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You Need To Plan For The Unexpected

https://medium.com/swlh/you-need-to-plan-for-the-unexpected-33226b3d2fc7

medium.com

You Need To Plan For The Unexpected
I am more and more fascinated by people's fascination with productivity. I don't think everyone thinks about or sees it the same way. Even more fascinating. Many people have great big ideas. Hopes and dreams. They know exactly where they want to go. But can't figure out the details to get themselves there.

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Planning for the unexpected 

Many of us have very well laid-out to-do lists any daily plans. However, they do not reflect the reality of our everyday working life.

We will always be interrupted. If our mindset is to accept that we will always have interruptions and surprises, we will be less frustrated when they happen.

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The specifics of your job

We let our planning focus on the tasks associated with the job. But we don't take into account all the aspects of our job.

Interacting with people can be part of the broader scope of your job. It means that interruptions are not actually non-productive aspects. They are actions that should get folded into the plan for each day.

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Blocks of time

Some interruptions cannot be avoided. But, we can talk to people in advance about the best times to pop in. We can also schedule a time when we will not be available and would prefer not to be disturbed.

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Being realistic

When creating a to-do list and interruptions at odd times are a given, build a buffer time in for each task. Assume an hour-long project will take 90 minutes. Schedule extra time into your calendar each day for your team to "pop in."

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David Allen

"Your ability to deal with surprise is your competitive edge, and a key to sanity and sustainability in your lifestyle."

David Allen

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Bullying: a form of violence

Bullying is intended to dominate a victim into submission.

When we're under attack, our rational minds shut down and move into the fight-or-flight mode. When we can't fight or run away, we fr...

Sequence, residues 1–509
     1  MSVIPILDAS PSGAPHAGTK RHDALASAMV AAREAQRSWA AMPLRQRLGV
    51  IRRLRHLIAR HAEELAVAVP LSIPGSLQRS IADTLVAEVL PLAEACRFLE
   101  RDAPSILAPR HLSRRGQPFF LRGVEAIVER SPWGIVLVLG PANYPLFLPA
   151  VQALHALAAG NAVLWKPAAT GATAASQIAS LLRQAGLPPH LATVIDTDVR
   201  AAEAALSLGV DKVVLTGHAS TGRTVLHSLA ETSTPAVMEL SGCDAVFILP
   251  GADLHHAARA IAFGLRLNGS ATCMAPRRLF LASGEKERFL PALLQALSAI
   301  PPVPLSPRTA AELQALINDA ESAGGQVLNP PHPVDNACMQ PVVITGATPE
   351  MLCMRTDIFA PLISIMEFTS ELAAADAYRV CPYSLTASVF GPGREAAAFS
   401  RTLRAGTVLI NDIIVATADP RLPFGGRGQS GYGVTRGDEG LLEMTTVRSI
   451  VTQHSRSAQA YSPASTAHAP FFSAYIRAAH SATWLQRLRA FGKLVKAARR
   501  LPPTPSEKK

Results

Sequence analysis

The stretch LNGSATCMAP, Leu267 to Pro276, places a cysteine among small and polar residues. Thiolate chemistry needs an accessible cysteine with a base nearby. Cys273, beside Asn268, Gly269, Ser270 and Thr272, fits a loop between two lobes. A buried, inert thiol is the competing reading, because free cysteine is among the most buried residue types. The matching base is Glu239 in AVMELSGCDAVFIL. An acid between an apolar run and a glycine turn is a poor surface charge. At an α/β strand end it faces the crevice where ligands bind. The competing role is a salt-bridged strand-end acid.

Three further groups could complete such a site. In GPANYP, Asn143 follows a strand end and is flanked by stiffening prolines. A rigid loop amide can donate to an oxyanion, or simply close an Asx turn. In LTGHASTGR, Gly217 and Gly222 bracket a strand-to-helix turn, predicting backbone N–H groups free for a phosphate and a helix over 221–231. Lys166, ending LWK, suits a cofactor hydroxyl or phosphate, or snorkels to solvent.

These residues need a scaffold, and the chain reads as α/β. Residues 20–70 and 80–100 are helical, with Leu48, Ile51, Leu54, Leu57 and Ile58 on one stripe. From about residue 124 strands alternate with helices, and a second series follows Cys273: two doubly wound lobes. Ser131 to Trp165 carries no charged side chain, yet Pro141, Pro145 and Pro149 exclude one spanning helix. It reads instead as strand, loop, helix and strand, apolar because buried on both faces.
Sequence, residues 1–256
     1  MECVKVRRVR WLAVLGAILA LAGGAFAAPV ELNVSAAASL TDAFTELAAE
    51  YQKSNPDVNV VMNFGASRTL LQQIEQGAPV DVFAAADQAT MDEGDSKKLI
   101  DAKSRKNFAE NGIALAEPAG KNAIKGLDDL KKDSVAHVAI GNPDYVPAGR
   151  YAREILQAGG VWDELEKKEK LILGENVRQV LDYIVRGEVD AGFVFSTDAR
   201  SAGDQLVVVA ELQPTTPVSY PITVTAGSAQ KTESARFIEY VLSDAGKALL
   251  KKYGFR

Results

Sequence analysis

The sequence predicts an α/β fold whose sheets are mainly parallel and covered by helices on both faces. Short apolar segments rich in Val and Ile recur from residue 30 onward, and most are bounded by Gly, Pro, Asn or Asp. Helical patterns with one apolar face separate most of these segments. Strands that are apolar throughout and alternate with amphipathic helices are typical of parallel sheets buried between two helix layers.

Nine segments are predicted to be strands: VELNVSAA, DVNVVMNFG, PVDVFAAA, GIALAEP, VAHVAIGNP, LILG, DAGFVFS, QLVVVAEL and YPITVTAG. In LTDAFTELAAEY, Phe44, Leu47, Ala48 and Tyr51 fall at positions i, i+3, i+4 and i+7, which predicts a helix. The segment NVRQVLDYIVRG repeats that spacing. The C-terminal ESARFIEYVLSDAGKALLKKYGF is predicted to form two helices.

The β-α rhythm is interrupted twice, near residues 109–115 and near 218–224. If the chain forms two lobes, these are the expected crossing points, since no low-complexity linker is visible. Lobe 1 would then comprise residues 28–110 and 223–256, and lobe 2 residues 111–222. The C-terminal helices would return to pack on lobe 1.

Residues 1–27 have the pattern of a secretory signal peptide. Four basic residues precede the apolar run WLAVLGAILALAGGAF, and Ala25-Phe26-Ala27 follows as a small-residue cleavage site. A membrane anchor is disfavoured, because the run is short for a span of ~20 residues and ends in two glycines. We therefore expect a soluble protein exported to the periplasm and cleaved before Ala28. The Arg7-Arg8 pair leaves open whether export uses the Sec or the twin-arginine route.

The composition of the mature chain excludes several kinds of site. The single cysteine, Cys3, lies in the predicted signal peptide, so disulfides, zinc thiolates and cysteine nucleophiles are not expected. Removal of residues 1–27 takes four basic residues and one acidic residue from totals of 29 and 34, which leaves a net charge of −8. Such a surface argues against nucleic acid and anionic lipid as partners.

Workplace bullying 

Bullying in the business world is more masked:

  • Taking credit for others' work. 
  • Shaming others in public.
  • Inventing faults to accuse team members when superiors are around.
  • Concerned with building a reputation as a hard-driving manager that is focused on continuous improvement.

The staff members usually resort to passivity to survive. It is true that people leave bosses, not jobs.

Bullying to seem smart

A colleague may use their position of authority to demean and dominate others. They may seem poised and confident and can be responsible for substantial billings. But little cracks start showing when coworkers become hesitant to work with the person or even threaten to leave.

Coworkers note that she is superior and disdainful, and ignores comments. No-one may critique her solution. She rolls her eyes when they speak up.

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The Pressure Of Time

Most leaders have familiar approaches to managing time: setting goals, planning, delegating, tracking commitments, and creating to-do lists. While these approaches do help in self-organization, the...

Sustainable Productivity

Instead of increasing the number of productive hours, we can focus on getting the right things done in a timely way. We also need to restore and balance ourselves, our colleagues, family and environment, instead of a neurotic or pathological focus on deadlines.

Find out what's truly important to us and use the finite resource of time wisely.

Phantom Workload

Phantom workload looks like real work but results in massive unproductivity and even conflict in an organization. The pressure to meet unrealistic expectations causes a vicious cycle of further workload.

Leaders need to take a hard look at what is being avoided or not addressed. Facing difficult tasks that were 'swept under the carpet' earlier strengthens them further to make hard decisions and face difficult people and situations.

Impostor syndrome

The impostor syndrome is the sense that our accomplishments are in some way underserved, no matter how consistent the evidence is to the contrary.

Impostor syndrome is an epidemic

There are several reasons why the impostor syndrome seems to have become an epidemic.

  • We have given the phenomenon a name.
  • Our preoccupation with it is the result of profound social change. Many people work in the service economy, where we create impressions rather than tangible items. 
  • Professional life today leaves us straining to redefine ourselves; we sometimes promise things we don't yet know how to do. 
  • We are no longer born into a role.
  • We can constantly compare our experiences to those of others online.
  • We can create an outward persona we know to be untrue.

The paradox of being an impostor

In order for you to believe in yourself, you need to convince someone else to believe in you. Once they believe in you, you feel more confident to believe in yourself.

When you're an impostor, you expect to be exposed at any time. You feel that at some point, someone might appear and see you for the fraud you think you are.